Endurance Training Reduces Risk of Sudden Death
A new study looked at the possibility that exercise training can decrease cardiac sympathetic activity and could, thereby, reduce beta-receptor responsiveness and decrease the risk for ventricular fibrillation, or sudden death.
Dogs that received a 10-week exercise program saw a reduction in beta-receptor responsiveness which prevented ventricular fibrillation, while those dogs that were sedentary either died or suffered ventricular fibrillation that was treated.
You’ve probably heard of beta blockers: medication that blocks the action of epinephrine and norepinephrine on the β-adrenergic receptors in the body (primarily in the heart, peripheral blood vessels, bronchi, pancreas, and liver). The hormones and neurotransmitters stimulate the sympathetic nervous system by acting on these receptors. Activation of beta receptors by epinephrine increases the heart rate and the blood pressure, and the heart consumes more oxygen. Drugs that block these receptors therefore have the reverse effect: they lower the heart rate and blood pressure and hence are used in conditions when the heart itself is deprived of oxygen. They are routinely prescribed in patients with ischemic heart disease and hypertension.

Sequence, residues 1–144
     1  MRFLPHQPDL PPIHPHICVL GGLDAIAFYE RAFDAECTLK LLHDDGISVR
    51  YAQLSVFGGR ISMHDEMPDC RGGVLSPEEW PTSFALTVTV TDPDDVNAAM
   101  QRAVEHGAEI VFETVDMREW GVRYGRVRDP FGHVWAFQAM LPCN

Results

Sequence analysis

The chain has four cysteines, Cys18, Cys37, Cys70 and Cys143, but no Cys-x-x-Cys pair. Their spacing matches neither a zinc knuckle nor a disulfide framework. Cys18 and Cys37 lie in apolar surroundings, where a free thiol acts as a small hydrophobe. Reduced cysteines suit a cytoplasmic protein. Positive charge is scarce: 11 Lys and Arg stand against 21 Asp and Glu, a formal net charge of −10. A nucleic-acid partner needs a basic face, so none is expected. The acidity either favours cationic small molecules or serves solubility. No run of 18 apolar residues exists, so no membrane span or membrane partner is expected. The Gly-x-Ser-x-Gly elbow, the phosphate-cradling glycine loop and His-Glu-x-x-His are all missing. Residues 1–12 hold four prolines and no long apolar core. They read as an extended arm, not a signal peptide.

With this study, it is evident that exercise also attenuates beta-receptor activity and reduces the risk of cardiac arrest.